The first duty of a government is to defend its people. If a government cannot do this, its legitimacy becomes suspect and it can be replaced with another more suited to the task. Therefore, it must do all it can to that end. These assumptions have long underpinned much of our public discourse regarding terrorism. To a certain extent, they are sensible. Terrorists seek to undermine the legitimacy of governments by proving that they cannot protect their stakeholders. If the government cannot guarantee the safety of a concert or the streets of the capital, this undermines their ability to defend their citizens. Therefore, a preventative counterterrorism strategy that embraces multiple angles of attack against terrorists seems in the best interests of both the threatened populace and the government. One gains security, the other gains legitimacy.
Yet there is a downside to this. As well as having a right to be protected by the state, citizens have a right to be protected from the state, as per Article 8 of the European Convention on Human Rights, contingent on national security and public safety. Yet the ‘angles of attack’ that counterterrorism practitioners often employ include use of mass internet surveillance to collect what was known under the Investigatory Powers Act (IPA) of 2016 as Bulk Personal Datasets (BPDs). BPDs include substantial amounts of personal data from a wide swathe of sources, including from those not considered a threat or criminal suspects. The defence for this offered by the intelligence services (MI5, MI6 and GCHQ) to the review by David Anderson QC, was that a greater amount of data made identifying threats easier. This works in much the same way that Google collects more data to improve the usefulness of their search results. However, government agencies conducting surveillance on innocent citizens could be seen as problematic for their right to privacy. Furthermore, the issue of warrants for BPDs is sealed by the classified nature of intelligence operations, offering no opportunity for public scrutiny or awareness of who is being watched and what information is collected.
There is no doubting the stakes are high for governments. Yet sweeping powers and policies have problems. Perceptions of authoritarianism may provide propaganda material for extremism. In the case of Shamima Begum, the teenage Daesh recruit, the government stripped her of her citizenship in February of this year. Yet counterterrorism experts, such as Dr Chris Fuller of the University of Southampton, have claimed that this is, in fact, goes ‘too far‘. Such an action, he claims, ‘feeds into far-right narratives of belonging‘ and is a short-sighted policy. This is not a far-fetched argument. The UK counterterrorism chief, Neil Basu, reported in September that the far right is the fastest-growing extremist threat the country faces. Concerns have been raised about the potential radicalisation of others by returning extremist fighters. Sajid Javid defended the decision with a statement that he ‘would not shy away from using [this power]to protect this country‘. But Bangladesh, the other nation for which Begum might have had citizenship, denied any responsibility. This makes her stateless, which is illegal under international law, and places her at real risk of abuse or further criminality. Furthermore, her status as a radicalised minor makes her a victim of child abuse, as per NSPCC guidelines, while the crimes she may have committed could have been tried in British courts subject to the ECHR. Furthermore, stripping terrorists of their citizenship sets a precedent that could be used for other crimes.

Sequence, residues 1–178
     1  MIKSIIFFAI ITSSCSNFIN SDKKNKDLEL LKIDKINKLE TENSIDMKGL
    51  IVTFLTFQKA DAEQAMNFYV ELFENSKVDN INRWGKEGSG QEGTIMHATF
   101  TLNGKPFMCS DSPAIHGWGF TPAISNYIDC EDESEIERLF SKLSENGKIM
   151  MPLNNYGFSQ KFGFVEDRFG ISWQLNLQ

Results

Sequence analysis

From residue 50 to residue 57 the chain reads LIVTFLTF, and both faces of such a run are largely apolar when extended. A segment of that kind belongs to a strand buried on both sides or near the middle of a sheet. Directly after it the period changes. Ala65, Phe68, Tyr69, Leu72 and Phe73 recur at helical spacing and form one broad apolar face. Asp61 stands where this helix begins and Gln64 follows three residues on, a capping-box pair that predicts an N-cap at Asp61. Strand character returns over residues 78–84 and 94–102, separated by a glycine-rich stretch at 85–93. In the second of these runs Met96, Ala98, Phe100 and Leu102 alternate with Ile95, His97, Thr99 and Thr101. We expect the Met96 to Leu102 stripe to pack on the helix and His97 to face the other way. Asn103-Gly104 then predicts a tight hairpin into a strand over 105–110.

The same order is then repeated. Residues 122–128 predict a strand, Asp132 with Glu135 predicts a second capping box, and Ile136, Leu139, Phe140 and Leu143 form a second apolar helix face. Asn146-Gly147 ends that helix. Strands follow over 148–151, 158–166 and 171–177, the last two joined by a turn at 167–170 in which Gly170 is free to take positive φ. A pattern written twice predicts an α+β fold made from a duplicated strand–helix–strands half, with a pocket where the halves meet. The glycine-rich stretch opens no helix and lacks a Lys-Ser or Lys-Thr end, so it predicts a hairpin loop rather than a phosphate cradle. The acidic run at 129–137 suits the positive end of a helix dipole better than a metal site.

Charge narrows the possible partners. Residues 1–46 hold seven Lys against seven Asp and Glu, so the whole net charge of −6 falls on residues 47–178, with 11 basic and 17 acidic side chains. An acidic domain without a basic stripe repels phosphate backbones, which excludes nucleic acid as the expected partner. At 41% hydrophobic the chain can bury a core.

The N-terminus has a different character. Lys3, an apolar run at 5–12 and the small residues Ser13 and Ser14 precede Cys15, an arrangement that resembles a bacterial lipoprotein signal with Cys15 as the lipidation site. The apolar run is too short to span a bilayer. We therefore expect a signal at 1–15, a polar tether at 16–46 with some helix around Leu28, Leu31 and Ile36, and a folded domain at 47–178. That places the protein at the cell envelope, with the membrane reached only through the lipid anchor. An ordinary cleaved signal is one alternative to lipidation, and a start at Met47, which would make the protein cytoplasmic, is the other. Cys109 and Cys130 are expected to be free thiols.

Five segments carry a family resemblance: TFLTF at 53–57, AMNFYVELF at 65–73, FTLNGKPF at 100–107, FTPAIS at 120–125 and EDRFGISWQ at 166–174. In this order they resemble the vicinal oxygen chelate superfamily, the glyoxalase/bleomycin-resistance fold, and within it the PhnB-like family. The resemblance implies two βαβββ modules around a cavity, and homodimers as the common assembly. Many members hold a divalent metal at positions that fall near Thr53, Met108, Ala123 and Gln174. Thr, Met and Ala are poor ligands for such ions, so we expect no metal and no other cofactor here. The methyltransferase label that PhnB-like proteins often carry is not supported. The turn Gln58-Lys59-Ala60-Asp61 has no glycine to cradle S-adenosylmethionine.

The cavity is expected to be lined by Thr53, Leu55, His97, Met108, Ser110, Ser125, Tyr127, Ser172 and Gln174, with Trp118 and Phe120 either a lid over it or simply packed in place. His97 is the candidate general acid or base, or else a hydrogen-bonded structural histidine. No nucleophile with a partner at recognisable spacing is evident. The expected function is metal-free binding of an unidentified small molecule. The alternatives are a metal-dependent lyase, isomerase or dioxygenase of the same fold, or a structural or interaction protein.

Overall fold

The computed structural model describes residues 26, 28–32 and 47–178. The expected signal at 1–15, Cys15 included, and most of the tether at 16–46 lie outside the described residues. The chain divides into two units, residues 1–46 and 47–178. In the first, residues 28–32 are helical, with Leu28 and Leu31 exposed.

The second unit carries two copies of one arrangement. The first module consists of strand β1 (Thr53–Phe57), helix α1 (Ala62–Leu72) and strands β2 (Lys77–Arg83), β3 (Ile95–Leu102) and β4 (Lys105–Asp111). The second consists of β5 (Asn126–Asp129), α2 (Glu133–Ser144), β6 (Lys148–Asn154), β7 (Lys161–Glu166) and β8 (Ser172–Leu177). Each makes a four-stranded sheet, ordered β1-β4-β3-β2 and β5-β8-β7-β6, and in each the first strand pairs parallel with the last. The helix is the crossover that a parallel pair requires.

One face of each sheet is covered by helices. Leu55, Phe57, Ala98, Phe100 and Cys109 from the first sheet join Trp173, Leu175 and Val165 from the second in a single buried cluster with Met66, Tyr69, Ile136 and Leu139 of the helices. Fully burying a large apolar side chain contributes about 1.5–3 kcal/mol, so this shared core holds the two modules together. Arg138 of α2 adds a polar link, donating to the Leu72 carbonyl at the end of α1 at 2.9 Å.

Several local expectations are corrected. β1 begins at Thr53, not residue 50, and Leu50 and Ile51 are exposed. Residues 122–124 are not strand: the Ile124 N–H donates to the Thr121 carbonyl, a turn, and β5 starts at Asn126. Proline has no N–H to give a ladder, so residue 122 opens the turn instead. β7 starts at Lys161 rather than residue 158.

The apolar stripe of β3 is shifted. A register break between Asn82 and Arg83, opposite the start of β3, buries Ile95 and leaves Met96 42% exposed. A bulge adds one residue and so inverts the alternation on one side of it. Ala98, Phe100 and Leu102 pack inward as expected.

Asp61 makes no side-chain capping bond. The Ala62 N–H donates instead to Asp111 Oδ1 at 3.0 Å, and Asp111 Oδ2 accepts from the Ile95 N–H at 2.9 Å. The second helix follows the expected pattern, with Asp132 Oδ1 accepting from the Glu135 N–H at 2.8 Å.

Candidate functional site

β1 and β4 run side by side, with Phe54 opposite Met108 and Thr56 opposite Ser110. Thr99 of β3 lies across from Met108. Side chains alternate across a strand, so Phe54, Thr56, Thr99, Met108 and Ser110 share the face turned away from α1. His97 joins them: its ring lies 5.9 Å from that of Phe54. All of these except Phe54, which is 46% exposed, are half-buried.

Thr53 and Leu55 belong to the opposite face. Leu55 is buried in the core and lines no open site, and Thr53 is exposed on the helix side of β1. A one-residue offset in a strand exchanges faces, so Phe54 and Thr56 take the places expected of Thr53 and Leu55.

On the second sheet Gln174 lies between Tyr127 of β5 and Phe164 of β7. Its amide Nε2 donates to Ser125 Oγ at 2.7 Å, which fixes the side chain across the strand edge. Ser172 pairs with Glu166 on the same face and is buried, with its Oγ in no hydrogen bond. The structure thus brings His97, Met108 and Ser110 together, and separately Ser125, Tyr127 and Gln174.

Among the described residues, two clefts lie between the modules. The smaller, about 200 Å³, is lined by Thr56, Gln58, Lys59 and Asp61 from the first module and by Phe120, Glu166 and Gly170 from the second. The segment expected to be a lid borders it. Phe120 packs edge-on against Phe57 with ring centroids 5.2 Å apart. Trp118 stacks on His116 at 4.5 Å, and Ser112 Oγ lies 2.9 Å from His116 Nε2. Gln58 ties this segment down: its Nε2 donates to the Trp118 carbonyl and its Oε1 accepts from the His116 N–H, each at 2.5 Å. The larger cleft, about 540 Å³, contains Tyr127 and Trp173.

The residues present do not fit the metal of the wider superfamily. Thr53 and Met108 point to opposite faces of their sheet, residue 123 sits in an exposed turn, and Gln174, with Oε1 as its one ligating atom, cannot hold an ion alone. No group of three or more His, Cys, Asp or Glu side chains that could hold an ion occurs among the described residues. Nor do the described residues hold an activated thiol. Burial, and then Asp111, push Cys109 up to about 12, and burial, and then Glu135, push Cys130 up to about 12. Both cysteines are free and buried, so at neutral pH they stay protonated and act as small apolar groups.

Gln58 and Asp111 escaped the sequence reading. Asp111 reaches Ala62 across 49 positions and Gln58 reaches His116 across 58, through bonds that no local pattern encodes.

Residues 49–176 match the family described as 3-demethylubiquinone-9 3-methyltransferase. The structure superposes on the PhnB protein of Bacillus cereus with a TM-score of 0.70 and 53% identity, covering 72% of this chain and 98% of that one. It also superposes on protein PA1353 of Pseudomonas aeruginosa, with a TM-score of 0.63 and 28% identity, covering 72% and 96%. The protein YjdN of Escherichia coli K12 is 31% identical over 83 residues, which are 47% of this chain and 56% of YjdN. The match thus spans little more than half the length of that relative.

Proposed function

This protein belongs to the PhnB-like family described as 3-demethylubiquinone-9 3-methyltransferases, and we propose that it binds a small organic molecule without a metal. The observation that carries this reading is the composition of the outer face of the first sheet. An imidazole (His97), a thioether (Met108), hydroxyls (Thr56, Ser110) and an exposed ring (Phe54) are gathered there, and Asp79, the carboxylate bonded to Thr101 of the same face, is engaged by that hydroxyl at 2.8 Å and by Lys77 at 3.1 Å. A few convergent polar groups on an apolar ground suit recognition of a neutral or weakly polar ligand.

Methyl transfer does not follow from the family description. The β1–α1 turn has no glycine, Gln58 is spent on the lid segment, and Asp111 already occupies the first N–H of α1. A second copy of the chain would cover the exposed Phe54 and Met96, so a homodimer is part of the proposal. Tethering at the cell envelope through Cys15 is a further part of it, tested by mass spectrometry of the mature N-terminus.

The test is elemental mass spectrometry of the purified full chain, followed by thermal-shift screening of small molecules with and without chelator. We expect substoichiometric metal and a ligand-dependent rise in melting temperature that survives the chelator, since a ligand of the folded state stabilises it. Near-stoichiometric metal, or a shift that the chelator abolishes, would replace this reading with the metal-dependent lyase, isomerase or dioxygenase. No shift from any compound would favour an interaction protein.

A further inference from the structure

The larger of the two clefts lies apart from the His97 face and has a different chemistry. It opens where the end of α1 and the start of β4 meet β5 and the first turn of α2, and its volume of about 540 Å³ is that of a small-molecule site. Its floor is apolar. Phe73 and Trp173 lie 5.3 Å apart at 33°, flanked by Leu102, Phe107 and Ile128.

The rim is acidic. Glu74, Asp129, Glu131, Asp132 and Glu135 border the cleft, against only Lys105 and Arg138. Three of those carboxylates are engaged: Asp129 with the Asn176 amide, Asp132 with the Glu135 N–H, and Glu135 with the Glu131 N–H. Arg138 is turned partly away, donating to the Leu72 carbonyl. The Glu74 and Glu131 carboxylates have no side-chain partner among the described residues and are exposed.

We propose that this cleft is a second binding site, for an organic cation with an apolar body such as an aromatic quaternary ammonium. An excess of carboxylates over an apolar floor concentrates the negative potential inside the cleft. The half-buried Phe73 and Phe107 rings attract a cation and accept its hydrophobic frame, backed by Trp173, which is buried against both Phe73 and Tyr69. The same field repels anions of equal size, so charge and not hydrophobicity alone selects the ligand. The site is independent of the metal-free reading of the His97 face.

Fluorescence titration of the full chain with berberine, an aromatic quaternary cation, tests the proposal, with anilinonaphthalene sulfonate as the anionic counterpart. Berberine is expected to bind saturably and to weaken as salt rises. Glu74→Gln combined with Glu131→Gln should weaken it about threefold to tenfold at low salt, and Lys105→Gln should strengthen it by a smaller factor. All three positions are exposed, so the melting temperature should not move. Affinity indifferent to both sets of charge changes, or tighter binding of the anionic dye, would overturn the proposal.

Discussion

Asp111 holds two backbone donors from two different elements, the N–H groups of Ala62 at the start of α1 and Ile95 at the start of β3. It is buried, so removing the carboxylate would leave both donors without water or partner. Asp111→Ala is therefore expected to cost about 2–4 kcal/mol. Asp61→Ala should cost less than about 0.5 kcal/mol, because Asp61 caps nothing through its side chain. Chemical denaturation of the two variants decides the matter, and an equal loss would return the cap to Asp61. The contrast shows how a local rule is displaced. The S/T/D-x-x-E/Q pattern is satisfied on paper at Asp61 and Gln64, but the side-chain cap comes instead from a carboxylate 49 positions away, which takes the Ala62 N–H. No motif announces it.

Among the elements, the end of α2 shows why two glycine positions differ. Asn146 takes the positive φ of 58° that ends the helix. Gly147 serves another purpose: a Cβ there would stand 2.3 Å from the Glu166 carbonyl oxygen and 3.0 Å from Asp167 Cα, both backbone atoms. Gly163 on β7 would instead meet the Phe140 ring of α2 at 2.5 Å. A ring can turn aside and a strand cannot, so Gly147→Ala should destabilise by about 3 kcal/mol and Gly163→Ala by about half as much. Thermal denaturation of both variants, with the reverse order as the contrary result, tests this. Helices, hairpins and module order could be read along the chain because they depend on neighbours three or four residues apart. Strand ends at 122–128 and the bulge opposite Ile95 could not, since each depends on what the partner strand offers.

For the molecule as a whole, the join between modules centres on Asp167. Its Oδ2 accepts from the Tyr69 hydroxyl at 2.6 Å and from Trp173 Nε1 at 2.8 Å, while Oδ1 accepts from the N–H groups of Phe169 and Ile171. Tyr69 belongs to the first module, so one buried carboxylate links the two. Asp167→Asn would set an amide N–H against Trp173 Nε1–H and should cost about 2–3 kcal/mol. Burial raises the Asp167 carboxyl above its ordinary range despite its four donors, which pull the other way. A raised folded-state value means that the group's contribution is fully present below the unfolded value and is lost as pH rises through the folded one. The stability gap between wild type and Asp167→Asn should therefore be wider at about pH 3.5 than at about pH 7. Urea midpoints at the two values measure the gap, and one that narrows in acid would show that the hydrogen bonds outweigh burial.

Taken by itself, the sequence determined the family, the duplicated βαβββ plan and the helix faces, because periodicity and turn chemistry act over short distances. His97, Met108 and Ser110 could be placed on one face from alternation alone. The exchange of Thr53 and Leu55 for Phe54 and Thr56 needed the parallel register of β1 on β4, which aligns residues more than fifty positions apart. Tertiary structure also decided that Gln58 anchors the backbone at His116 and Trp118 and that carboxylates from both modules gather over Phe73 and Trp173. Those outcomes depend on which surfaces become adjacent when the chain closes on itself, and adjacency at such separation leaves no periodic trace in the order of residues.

Terrorism is a complex and evolving problem of real political gravity. Yet human rights were always envisioned as constants, and a world in which they are disregarded in the name of security could be a dark one.